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J.S. Stuart, R.P. Binzel (MIT)
Recent estimates of the near-Earth asteroid (NEA) population constrain the size of the population as a function of absolute magnitude , . However, the albedo distribution of the NEAs is poorly constrained. Therefore, the size of the NEA population as a function of diameter is poorly constrained. Others are attempting to model the albedo distribution of the NEAs by tracing them back to their origins in the main belt and applying the albedo distributions observed there . Presented here is a complementary approach using direct observation of the NEAs. The shape of the NEA population (as a function of semi-major axis, eccentricity and inclination), as determined by LINEAR data  and by Spacewatch data , is used as input to a Monte-Carlo simulation to derive the discovery bias that results from the differing physical properties of the NEAs. The Monte-Carlo asteroids are checked against three years of pointing history from the LINEAR system to determine which asteroids would have been detected under various assumptions of size and albedo. This simulation combines a realistic representation of the observational geometry of asteroid detection with the effects of differing physical properties. An observational program to determine spectral types and albedos of NEAs introduces further bias into the observed distribution of spectral types and albedos. A second Monte-Carlo simulation, starting from the results of the first simulation, is used to estimate this additional observational bias. The result is a set of bias correction factors which can be applied to the observed fractions of NEAs of various sizes and spectral classes to obtain an estimate of the debiased fraction of NEA spectral types and a debiased albedo distribution.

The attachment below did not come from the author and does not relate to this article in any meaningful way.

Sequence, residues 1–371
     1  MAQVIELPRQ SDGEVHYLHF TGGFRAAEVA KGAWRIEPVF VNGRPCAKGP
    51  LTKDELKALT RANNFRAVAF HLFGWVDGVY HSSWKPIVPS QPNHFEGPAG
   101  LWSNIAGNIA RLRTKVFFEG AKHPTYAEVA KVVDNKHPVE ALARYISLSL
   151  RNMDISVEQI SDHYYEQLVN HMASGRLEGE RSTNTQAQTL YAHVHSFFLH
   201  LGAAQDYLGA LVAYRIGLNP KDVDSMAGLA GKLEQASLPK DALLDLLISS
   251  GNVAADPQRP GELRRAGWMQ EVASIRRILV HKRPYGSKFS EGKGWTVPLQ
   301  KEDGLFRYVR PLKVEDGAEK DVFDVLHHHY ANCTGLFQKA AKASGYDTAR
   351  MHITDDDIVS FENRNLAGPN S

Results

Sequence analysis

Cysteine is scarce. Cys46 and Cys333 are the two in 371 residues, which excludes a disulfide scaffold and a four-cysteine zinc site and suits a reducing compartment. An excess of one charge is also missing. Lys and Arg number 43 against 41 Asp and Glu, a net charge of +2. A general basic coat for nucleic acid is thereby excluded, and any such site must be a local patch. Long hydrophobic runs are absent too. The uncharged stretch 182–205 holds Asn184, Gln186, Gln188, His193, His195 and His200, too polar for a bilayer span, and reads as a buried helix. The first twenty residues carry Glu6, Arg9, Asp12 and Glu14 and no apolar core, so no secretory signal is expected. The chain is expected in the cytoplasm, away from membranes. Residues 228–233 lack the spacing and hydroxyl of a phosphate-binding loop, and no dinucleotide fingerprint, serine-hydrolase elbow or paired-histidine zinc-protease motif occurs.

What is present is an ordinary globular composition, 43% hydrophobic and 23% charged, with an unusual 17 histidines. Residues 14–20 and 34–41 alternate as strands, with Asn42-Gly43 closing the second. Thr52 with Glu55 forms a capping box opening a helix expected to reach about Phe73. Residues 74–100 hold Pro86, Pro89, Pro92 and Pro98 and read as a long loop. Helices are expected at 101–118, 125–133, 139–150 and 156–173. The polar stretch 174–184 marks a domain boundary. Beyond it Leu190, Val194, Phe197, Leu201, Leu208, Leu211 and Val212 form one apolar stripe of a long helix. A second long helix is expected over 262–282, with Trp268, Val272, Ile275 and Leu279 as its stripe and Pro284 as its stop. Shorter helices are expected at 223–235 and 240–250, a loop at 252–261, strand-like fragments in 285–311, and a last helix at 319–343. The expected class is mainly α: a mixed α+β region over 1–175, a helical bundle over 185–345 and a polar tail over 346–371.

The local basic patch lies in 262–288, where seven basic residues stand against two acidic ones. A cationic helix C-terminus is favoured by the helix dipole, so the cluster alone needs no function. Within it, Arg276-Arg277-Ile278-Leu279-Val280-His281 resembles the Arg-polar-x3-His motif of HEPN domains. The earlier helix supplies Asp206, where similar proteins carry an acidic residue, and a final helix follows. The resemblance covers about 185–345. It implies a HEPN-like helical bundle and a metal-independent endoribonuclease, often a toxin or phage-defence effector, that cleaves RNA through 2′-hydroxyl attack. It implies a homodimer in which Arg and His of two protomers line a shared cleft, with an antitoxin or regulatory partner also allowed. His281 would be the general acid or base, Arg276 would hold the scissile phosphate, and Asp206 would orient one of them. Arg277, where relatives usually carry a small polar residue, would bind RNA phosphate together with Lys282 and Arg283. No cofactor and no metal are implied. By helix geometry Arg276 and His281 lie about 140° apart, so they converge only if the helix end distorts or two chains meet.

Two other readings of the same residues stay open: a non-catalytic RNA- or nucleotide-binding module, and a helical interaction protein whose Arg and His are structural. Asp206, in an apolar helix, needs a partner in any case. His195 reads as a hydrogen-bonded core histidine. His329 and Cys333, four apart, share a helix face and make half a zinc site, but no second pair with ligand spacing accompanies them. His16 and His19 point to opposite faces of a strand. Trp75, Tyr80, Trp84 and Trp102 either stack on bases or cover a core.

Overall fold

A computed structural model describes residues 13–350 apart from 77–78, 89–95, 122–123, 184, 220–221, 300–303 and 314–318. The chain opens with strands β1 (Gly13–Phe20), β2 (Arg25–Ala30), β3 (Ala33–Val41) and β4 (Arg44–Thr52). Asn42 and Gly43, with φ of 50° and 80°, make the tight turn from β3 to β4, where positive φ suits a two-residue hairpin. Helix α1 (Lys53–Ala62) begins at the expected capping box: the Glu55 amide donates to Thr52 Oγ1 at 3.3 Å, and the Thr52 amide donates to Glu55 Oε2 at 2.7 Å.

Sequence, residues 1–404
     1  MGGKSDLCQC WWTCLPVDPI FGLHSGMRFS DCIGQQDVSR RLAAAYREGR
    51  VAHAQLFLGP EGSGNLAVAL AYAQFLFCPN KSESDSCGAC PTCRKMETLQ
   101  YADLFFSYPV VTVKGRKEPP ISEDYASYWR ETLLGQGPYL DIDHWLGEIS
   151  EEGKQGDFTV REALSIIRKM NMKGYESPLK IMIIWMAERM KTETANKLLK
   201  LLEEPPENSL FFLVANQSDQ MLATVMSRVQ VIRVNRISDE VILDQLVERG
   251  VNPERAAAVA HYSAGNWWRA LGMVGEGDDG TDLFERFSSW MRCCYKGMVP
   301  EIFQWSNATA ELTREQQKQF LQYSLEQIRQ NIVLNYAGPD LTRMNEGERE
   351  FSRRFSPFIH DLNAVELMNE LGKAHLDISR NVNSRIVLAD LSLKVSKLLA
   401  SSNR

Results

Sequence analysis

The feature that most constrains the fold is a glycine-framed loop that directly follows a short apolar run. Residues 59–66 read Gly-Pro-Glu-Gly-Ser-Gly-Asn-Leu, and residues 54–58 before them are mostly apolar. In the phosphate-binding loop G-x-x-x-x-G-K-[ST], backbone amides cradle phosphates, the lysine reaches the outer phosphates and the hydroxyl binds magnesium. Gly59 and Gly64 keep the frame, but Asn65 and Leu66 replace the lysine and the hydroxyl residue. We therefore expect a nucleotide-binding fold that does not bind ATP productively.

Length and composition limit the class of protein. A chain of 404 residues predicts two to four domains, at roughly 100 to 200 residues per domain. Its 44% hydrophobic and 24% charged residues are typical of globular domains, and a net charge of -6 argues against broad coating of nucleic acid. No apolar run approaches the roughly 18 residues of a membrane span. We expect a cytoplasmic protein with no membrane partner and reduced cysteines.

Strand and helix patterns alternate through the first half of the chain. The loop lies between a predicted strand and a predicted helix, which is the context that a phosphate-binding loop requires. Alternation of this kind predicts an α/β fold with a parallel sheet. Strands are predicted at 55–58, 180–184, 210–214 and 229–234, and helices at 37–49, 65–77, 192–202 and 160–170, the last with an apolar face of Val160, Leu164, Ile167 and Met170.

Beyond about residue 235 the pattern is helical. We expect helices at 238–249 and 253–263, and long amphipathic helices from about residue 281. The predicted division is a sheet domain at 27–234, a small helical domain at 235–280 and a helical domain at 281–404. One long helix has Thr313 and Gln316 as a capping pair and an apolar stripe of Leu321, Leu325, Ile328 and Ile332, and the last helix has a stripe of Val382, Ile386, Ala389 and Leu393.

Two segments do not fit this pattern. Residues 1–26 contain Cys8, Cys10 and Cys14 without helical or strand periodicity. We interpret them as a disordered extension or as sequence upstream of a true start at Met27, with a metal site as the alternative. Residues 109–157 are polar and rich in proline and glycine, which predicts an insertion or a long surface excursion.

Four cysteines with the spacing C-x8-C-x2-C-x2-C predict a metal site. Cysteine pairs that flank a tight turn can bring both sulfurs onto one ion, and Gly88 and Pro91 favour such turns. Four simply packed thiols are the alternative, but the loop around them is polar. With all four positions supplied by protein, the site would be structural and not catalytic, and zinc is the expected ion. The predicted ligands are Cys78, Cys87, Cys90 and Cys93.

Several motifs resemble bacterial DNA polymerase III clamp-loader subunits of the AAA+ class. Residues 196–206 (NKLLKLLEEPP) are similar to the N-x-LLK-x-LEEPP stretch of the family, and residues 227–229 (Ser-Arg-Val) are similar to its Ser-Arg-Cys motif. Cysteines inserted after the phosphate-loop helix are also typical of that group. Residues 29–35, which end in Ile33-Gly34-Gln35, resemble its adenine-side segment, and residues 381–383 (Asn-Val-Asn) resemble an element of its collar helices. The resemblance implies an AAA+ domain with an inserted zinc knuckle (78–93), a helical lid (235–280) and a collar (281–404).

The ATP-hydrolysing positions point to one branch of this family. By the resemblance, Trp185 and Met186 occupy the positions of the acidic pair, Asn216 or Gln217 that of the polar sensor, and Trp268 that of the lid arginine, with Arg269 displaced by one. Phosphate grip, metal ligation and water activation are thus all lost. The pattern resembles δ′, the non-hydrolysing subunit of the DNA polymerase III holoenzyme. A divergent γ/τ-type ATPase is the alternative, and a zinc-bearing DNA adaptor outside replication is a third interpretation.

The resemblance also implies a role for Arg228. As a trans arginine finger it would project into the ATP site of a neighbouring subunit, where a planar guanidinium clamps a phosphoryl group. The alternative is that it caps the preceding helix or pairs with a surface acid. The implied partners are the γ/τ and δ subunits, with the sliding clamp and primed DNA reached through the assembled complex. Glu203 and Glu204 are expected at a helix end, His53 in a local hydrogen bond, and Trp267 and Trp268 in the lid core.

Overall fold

J. Stuart (2001) Science 294, 1691.  W. Bottke et al. (2000) Science 288, 2190.  A. Morbidelli et al. (2002) Icarus, in press.
This work was sponsored by NASA and by the Department of the Air Force under Air Force Contract F19628-00-C-0002. Opinions, interpretations, conclusions, and recommendations are those of the author and are not necessarily endorsed by the United States Air Force. The author obtains financial support from the Lincoln Scholars Program at MIT Lincoln Laboratory.
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Bulletin of the American Astronomical Society, 34, #3< br> © 2002. The American Astronomical Soceity.